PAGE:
Antivehicle Mines with Sensitive Fuzes or Antihandling Devices
Human Rights Watch Backgrounder
February 25, 2002
Note: Information in this backgrounder was originally distributed in Geneva, Switzerland on February 1, 2002 in memorandum for delegates to the fifth meeting of the Intersessional Standing Committee on the General Status and Operation of the 1997 Mine Ban Treaty. This backgrounder is a revised version of that memorandum and incorporates factual corrections and additional information received from delegates.
Since the conclusion of the negotiations for the 1997 Mine Ban Treaty, Human Rights Watch has emphasized that, according to the treaty's definitions, antivehicle mines (AVM) with antihandling devices (AHD) that explode from an unintentional or innocent act are considered antipersonnel mines and therefore prohibited. Additionally, if a fuzing mechanism for an AVM is sensitive enough to be activated by the unintentional act of a person, thus functioning as a de facto AHD, that AVM meets the definition of an antipersonnel mine in the Mine Ban Treaty and is prohibited.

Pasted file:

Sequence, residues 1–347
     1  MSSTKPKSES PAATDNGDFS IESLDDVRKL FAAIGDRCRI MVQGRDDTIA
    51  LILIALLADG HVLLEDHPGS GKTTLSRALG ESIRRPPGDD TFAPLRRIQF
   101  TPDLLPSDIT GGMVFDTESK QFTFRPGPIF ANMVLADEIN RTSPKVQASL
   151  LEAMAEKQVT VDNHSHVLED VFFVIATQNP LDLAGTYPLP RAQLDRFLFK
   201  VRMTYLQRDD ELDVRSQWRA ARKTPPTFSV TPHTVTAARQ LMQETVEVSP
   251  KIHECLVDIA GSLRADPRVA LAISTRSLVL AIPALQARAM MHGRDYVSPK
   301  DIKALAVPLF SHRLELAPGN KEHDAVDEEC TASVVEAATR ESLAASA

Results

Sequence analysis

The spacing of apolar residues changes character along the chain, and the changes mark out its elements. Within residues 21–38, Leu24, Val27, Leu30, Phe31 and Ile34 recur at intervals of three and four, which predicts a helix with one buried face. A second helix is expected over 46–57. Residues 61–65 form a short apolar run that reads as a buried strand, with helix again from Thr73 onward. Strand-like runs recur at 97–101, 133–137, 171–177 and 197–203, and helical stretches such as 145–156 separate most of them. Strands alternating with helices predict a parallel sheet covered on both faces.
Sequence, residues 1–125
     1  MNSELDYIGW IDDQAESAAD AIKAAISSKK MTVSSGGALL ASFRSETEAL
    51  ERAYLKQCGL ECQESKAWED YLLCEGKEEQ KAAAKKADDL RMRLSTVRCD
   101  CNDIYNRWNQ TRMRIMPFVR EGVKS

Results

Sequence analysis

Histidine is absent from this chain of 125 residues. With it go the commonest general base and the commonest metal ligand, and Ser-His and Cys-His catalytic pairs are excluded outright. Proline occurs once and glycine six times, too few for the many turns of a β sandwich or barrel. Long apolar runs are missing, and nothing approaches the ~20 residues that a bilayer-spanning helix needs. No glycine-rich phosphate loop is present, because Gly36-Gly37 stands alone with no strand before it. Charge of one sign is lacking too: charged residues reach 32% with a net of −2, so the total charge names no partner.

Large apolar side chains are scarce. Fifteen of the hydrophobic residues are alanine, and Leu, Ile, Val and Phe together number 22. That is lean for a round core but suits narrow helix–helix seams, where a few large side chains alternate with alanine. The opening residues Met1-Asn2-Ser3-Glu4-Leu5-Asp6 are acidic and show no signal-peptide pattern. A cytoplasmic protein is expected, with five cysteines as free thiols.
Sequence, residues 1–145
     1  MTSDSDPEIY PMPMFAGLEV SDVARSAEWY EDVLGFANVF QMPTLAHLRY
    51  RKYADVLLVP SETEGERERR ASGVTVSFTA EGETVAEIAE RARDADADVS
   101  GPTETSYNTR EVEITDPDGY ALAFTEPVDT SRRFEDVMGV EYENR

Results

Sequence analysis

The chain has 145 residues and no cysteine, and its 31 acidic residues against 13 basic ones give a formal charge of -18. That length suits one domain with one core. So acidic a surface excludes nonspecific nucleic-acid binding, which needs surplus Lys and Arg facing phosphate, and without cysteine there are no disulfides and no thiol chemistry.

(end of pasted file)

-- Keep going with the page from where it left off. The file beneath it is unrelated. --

This backgrounder consists of three parts:
· Part I introduces the issue and chronicles work to date.
The backgrounder also has three attachments:
· The first lists AVM reportedly stockpiled by States Parties.
Information regarding the complete composition of any country's stockpiles of AVM is generally not publicly available nor is there any transparency requirement for such data in any international treaty or agreement. The information set forth in this memorandum is likely incomplete. Still, the International Campaign to Ban Landmines' (ICBL) Landmine Monitor research initiative has been quite successful in documenting the practice of States Parties and this memorandum draws significantly from the three reports published to date.